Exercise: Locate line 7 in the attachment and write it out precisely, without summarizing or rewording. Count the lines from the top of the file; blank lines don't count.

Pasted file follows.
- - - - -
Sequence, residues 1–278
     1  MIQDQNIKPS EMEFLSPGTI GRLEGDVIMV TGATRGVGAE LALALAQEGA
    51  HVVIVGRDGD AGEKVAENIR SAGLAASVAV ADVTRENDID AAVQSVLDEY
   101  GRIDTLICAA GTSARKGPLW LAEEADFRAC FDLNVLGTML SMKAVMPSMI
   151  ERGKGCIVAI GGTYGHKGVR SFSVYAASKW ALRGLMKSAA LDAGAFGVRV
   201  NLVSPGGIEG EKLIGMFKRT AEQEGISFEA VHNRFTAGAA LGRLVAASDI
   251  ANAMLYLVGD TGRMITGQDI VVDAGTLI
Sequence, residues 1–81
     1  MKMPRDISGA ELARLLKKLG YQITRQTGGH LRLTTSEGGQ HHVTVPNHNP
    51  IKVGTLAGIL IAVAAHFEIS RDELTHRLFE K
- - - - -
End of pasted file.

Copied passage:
   251  ANAMLYLVGD TGRMITGQDI VVDAGTLI